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Health Protocols

Age Related Cognitive Decline

Background

The brain contains approximately 100 billion interconnected neurons, which collectively assimilate information received from nerves throughout the body and external stimuli. In addition to neurons, the brain is home to specialized cells known as glial cells, mainly astrocytes and microglia, which play numerous essential support roles.9,10 Glial cells also participate in vital signaling processes within the brain.11

The Aging Brain

With age, the number of brain neurons decreases and the cells and tissues that support them deteriorate slowly after age 20 and more rapidly after age 60. By age 90, brain mass has been found to be decreased by 11% compared with individuals in their 50s.5 The majority of neuronal loss is in the cerebral cortex, where most information processing occurs, and the hippocampus, a brain structure involved in memory and learning.2,12,13

Aging is associated with functional brain changes as well. For instance, cerebral blood flow decreases and production of neurotransmitters is reduced. Also, the integrity of the blood‒brain barrier, which controls movement of cells and molecules into and out of blood vessels in the brain, weakens,2,14 and the phospholipid-rich myelin sheaths that protect neurons and facilitate signal transmission deteriorate.13,15

These age-related brain changes manifest in the diminished mental abilities typically associated with older age, namely reduced short-term and episodic memory, difficulty recalling words, slower reaction times, and possibly depressed mood.2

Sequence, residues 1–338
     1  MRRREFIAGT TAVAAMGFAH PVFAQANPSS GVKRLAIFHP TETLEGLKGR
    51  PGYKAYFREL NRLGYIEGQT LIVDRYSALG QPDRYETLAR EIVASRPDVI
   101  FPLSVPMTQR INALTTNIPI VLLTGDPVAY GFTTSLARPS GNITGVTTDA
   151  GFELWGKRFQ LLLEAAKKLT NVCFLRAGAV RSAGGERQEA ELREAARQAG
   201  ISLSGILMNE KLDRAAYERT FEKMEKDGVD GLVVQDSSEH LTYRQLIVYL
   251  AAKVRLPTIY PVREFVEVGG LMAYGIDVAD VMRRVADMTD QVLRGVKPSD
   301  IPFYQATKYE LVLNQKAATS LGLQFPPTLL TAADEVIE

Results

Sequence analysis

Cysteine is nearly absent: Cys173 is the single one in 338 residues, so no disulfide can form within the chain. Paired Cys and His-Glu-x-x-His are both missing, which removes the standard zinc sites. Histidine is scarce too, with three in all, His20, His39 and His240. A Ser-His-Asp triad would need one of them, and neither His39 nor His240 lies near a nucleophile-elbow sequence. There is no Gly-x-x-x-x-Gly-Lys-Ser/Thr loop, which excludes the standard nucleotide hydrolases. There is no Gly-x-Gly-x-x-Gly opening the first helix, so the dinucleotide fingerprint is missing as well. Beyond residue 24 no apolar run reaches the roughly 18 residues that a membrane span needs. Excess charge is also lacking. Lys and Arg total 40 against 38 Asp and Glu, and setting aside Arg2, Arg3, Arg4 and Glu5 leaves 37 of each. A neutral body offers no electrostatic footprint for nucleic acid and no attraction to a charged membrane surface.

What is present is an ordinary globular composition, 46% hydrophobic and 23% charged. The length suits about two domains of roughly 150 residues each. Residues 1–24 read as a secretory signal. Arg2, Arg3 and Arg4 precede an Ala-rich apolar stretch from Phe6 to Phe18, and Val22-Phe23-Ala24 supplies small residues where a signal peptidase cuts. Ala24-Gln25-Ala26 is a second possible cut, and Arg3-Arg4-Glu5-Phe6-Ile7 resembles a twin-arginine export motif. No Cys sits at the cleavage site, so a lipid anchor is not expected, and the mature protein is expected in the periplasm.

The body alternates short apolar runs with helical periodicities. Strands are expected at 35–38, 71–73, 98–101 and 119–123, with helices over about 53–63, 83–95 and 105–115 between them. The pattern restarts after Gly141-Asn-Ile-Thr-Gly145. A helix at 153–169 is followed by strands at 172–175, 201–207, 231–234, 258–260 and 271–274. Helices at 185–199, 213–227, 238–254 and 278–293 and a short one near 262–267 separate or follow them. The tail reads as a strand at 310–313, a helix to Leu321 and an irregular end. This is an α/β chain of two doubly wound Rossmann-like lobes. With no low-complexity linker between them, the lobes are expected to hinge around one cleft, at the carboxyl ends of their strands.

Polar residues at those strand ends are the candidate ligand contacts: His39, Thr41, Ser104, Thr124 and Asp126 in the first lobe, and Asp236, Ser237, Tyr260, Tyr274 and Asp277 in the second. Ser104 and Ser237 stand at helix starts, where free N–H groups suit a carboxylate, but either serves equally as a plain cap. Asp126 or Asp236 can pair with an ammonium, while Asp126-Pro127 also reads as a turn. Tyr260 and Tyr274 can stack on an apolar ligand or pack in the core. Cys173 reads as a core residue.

From Age-Related Cognitive Decline to Mild Cognitive Impairment and Dementia

Age-related cognitive decline is the term used to describe the natural diminishment in ability to learn, remember, and process information. Mild cognitive impairment is the condition characterized by cognitive changes that are more than expected for age, but are not debilitating. It is estimated that 10–20% of adults aged 65 years and older have mild cognitive impairment.16,17

When cognitive decline becomes severe enough to interfere with social and occupational function and the ability to live independently, the condition is called dementia.17,18 Dementia affects approximately 5–10% of US adults age 65 and older.17,19 Alzheimer disease is the number one cause of dementia in the elderly, followed by cerebrovascular dysfunction.14 Importantly, most people with age-related losses in cognitive function never develop these more advanced conditions.18,20

Distinguishing between normal age-related cognitive change and mild cognitive impairment is challenging, but a comprehensive assessment that includes a history of cognitive changes, physical exam, neurological exam, and cognitive function testing is the basis of accurate diagnosis.18

Table 1: Domains of cognitive decline and functional signs of impairment17

Cognitive Domain

Signs of Impairment

Executive function